NEW ORLEANS (Louisiana Record) — Longtime Baton Rouge attorney Audrey Melissa Lamb has receive a fully deferred suspension following a Nov. 19 Louisiana Supreme Court attorney disciplinary proceeding over allegations stemming from her 2017 DWI arrest.
Lamb has not been involved in multiple DWI offenses, according to the Supreme Court's nine-page attorney disciplinary proceeding.
"Further, following an evaluation by [judges and lawyers assistance program agreement], it was determined that respondent does not suffer from a substance use disorder, and as such JLAP did not recommend any further testing or treatment," the disciplinary proceeding said. "Therefore, the conditions under which we normally impose an actual period of suspension are not present in this case."
The high court accepted a Louisiana Attorney Disciplinary Board (LADB) hearing committee's recommendation issued in August, saying Lamb should receive a deferred suspension, and handed down a fully-deferred year-and-a-day suspension.
The court also ordered Lamb to pay all costs and expenses plus interest in the matter.
Lamb was admitted to the bar in Louisiana on Oct. 9, 1998, according to her profile at the Louisiana State Bar Association's website. Lamb had no prior history of discipline in Louisiana, according to the disciplinary proceeding.
Allegations against Lamb stem from her DWI arrest Sept. 8, 2017, following an auto accident in Baton Rouge, according to the disciplinary proceeding. At the time, Lamb also was found in possession of marijuana, a .38-caliber revolver, and $19,880 in cash, according to the disciplinary proceeding.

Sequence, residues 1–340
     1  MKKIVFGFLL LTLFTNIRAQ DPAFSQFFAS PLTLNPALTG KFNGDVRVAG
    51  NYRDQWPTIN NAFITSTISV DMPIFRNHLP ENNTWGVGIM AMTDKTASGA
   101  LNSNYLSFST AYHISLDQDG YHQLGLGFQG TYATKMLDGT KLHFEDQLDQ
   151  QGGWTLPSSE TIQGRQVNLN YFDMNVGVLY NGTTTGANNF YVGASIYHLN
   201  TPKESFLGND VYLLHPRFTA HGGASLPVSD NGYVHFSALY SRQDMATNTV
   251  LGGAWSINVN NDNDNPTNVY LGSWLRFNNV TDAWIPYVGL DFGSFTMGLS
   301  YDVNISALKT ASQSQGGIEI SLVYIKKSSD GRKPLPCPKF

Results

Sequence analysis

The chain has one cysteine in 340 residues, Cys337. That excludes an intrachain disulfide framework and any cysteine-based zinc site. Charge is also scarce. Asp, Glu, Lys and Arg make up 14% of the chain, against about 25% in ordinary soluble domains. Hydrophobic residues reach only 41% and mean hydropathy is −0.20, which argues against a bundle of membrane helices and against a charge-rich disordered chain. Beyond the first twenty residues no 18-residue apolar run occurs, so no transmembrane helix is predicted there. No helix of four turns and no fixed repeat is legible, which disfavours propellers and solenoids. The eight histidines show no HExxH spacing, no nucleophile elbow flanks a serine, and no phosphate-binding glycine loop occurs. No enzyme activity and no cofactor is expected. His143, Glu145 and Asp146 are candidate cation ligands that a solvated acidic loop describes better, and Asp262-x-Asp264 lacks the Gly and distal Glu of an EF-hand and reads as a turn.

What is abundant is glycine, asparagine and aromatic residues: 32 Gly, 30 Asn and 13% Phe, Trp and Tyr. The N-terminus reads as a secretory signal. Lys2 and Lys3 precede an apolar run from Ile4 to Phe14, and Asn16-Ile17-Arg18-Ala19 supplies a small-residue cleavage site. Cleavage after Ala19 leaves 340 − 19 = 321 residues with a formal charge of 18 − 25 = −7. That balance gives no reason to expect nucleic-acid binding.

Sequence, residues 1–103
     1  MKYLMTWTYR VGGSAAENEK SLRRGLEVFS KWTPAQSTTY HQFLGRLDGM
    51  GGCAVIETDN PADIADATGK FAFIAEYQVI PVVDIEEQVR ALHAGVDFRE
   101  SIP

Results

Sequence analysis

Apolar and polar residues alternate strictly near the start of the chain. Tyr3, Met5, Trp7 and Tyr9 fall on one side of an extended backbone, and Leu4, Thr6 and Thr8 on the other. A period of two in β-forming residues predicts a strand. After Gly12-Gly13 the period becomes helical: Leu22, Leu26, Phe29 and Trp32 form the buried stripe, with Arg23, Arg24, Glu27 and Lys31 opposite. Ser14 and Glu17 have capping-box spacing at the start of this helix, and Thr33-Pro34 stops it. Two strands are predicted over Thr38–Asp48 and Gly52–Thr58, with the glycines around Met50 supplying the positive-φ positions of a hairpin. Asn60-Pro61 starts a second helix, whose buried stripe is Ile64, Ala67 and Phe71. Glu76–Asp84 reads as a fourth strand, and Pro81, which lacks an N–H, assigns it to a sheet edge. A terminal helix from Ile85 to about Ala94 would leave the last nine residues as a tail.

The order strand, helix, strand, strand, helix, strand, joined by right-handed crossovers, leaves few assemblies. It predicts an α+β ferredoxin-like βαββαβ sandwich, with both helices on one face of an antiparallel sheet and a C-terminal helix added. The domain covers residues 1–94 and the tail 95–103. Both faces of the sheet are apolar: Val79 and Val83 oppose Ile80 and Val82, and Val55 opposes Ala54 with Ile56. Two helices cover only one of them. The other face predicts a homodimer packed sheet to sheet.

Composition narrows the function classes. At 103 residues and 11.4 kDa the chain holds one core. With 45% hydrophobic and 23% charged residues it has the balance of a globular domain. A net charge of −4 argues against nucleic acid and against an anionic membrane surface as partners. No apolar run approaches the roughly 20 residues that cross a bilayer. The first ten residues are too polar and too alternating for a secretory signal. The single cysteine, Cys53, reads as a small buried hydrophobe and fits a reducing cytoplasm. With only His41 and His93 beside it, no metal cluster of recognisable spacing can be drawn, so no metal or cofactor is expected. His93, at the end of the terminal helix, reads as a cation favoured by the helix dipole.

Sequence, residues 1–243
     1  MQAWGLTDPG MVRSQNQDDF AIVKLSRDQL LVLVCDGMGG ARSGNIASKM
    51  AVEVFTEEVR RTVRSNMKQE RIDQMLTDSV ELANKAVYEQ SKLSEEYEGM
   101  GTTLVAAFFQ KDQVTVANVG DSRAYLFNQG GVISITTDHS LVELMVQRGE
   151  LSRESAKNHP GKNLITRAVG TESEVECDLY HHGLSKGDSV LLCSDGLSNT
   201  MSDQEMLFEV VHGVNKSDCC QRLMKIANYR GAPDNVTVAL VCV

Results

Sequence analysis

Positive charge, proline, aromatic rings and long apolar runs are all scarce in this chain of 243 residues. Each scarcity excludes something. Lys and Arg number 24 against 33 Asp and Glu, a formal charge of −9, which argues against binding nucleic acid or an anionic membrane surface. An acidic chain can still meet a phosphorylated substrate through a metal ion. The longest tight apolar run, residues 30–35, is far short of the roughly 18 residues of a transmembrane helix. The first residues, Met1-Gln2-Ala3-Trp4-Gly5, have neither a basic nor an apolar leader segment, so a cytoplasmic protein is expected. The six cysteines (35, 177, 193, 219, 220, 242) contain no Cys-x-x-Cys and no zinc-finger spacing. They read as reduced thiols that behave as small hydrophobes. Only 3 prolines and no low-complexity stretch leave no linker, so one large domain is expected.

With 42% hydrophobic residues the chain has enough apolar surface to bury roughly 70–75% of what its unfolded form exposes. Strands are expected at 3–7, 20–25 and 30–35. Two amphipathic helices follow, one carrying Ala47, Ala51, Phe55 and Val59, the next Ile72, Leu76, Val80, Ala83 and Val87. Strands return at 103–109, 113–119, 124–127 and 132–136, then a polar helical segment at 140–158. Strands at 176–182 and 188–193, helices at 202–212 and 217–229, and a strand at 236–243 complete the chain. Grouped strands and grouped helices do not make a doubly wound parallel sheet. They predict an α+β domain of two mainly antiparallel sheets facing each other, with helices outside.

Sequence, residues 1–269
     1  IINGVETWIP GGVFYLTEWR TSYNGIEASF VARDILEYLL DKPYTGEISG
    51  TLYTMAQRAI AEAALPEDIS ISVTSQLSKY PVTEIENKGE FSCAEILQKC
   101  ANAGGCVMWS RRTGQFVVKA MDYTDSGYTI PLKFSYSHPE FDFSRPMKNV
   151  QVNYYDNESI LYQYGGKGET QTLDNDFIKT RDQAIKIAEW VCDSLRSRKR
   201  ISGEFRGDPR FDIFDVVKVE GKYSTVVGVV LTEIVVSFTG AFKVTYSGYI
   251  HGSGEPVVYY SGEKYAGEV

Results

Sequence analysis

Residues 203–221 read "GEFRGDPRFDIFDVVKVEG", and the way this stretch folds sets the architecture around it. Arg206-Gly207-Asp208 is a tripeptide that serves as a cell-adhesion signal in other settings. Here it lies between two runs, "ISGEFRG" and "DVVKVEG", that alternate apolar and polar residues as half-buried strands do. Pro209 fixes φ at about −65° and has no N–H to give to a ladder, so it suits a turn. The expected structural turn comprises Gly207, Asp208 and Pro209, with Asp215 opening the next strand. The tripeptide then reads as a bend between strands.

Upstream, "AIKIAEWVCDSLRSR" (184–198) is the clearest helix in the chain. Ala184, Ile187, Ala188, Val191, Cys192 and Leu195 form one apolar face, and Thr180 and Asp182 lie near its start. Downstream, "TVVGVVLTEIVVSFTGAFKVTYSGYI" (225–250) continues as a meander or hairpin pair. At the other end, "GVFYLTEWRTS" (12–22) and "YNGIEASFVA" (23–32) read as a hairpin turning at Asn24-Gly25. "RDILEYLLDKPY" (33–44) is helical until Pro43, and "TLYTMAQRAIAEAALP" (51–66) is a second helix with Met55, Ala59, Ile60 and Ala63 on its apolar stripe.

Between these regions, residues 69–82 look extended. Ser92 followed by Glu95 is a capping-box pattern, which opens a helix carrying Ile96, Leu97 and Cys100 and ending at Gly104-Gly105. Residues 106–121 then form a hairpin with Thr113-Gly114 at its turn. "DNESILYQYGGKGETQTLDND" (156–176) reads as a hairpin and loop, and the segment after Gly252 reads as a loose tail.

"As noted in the police report, officers found less than 14 grams of marijuana in [Lamb]'s vehicle," the disciplinary proceeding said. "If [Lamb] had been in possession of more than 14 grams of marijuana along with the firearm, she could have been charged with a felony, as opposed to simple possession of marijuana."
Lamb's blood alcohol level subsequently was found to be almost twice the legal limit in Louisiana.
Lamb enrolled in a yearlong pretrial diversion program, which she completed in September, and she consulted with JLAP for an evaluation, the disciplinary proceeding said.
The JLAP evaluation "indicated that she does not suffer from a substance use disorder," the disciplinary proceeding said. "Accordingly, JLAP made no recommendations for further testing or treatment."